Wednesday, March 23, 2011

Reading the Gestures

The sub-title that CS Lakshmi gives to her book ‘Mirrors and Gestures’, is – Conversations with Women Dancers. That they are ‘conversations’ and not ‘interviews’ is an important insight into the nature of the book. “What is revealed to us is an oral history of how the emerging modern woman of the newly-independent India had asserted her claim over the creative space. It seeks to account the compromises and sacrifices that a woman has to make to continue to remain an artist throughout her life,” says Sajitha Madathil, adding that she uses the book as a sort of energy drink when the artist in her has to make way for the homemaker. “It is inspiring to know that women artists everywhere and in all ages go through the same crisis in their lives.”

Lakshmi, a veteran in the field of women’s studies, and a dancer in her younger days, combines the researchers’ tools with her artistic instincts to bring to the fore the processes - personal and political - that shape a woman artist, while attempting a social commentary of the times in which these artists had lived and performed. She says in the introduction that she had prepared the list of persons to be included in the book quite carefully, taking care not to include many women who had become legends in their own lifetime and about whom everything was known. There are exceptions of course, like Gangubai Hangal and Chandralekha. But most other people who are featured in the book are the less-interviewed, but astonishingly ahead of their times, as is revealed through the conversations.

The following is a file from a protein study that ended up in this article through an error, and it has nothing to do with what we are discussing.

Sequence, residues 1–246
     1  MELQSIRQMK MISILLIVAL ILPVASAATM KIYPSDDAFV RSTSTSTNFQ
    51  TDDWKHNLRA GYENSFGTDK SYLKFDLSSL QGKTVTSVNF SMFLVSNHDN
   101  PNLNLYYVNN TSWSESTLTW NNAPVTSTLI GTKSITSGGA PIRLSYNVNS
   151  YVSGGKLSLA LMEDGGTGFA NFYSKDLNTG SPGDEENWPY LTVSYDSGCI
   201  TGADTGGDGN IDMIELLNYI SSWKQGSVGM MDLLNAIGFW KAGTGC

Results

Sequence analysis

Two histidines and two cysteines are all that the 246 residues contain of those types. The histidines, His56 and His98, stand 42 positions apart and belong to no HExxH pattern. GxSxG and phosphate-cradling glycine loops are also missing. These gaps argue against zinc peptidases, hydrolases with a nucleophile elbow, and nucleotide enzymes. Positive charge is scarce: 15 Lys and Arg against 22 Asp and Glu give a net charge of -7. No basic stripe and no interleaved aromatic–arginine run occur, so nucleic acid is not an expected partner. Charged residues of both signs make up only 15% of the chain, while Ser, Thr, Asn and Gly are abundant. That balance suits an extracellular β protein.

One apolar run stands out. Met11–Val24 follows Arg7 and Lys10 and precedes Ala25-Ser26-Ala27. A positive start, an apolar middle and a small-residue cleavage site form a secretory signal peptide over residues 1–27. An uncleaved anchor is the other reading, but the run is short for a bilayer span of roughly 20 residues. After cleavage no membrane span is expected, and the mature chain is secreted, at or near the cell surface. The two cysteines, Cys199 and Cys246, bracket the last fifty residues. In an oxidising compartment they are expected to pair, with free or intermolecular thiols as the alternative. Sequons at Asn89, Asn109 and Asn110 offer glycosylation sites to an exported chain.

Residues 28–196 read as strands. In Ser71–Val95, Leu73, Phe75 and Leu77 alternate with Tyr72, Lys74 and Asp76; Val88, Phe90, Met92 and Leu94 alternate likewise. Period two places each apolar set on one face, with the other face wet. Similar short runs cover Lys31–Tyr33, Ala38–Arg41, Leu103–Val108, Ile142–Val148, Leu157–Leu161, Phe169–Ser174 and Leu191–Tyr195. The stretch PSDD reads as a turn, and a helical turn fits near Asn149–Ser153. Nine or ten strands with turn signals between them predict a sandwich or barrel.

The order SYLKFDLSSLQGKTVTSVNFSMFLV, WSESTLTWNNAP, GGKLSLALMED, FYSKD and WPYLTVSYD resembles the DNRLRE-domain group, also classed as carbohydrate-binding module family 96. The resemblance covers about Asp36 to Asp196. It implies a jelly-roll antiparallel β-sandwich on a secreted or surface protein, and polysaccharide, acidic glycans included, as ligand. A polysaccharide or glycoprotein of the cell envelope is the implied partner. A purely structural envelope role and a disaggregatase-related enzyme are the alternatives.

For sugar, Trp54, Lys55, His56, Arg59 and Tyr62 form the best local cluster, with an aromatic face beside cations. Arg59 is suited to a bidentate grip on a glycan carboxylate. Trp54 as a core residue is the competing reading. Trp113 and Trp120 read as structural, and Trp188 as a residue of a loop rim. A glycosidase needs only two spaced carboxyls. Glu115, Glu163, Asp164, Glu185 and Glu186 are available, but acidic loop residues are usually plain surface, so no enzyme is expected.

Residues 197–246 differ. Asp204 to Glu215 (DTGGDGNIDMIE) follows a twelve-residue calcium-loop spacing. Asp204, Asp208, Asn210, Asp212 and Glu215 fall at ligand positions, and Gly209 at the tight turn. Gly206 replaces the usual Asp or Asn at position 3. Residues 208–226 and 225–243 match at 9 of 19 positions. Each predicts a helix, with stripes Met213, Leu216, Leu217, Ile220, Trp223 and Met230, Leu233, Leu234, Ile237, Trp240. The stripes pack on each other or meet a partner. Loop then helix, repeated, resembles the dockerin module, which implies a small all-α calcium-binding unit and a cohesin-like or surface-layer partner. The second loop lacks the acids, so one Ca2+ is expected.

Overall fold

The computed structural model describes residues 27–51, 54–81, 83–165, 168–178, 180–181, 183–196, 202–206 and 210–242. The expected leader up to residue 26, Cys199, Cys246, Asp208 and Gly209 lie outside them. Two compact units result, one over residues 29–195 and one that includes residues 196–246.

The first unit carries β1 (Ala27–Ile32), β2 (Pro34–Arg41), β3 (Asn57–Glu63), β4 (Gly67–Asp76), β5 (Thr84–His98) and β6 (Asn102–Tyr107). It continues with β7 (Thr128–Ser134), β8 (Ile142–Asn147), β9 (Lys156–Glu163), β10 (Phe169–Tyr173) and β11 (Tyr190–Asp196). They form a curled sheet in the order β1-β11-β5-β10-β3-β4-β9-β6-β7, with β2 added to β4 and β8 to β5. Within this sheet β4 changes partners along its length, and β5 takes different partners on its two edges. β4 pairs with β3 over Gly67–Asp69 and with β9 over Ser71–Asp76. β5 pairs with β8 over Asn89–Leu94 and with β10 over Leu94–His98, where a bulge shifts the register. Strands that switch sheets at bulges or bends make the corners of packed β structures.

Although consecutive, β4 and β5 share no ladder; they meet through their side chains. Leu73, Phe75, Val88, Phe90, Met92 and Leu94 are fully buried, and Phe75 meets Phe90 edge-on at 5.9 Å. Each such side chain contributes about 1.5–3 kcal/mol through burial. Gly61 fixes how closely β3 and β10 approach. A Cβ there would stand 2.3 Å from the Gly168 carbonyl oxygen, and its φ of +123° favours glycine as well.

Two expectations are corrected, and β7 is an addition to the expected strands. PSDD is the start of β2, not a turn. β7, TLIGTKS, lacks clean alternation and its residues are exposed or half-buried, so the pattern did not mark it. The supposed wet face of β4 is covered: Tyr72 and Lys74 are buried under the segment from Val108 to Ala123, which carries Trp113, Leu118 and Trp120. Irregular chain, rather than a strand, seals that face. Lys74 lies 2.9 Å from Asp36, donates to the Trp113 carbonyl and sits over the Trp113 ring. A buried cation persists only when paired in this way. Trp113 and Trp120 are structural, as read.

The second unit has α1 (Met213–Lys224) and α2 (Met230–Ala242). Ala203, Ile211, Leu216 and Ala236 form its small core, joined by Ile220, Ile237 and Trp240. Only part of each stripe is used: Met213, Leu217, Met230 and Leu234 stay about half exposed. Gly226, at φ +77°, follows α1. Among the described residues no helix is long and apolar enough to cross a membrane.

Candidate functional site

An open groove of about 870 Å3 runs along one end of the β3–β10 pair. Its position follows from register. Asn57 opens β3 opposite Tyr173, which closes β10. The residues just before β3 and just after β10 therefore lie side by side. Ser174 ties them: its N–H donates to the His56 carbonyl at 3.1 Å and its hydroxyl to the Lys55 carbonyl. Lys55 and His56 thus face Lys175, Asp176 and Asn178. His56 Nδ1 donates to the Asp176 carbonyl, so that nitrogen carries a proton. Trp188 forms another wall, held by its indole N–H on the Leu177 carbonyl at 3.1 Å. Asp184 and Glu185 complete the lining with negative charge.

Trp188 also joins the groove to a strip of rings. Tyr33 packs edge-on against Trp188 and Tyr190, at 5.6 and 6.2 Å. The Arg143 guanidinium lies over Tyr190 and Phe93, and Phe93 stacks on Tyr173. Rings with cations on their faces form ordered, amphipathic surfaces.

Sita Pooviah, for instance, was a nationalist who had actively involved in the political movement of the 1930s and later associated with US Educational Foundation in India and the Women’s India Trust. She, along with her three sisters had consciously decided to shape their lives around the freedom movement and chose to remain unmarried. Sita took a PhD in dance in 1950, becoming the first one to do so in India, on the topic, ‘The Art and Science of Indian Classical dancing and Its Social Bearings’.

Says Sajitha, “The Pooviah sisters are representatives of the educated women of those times who dared to enter into an art practised by a certain caste, the Devadasis, and was looked down upon. The story of their creative work also becomes a historical link to a period. We find the interviewer asking them about whether the spinster life had helped them pursue their art. In answer to that, Sita talks about two very talented dancers, Rita Chatterjee and Kamala whose married lives were messed up, putting an end to their career as well. See, but for these meta narratives, such characters would be completely lost in the hsitories about those times which is one significant aspect about oral history.”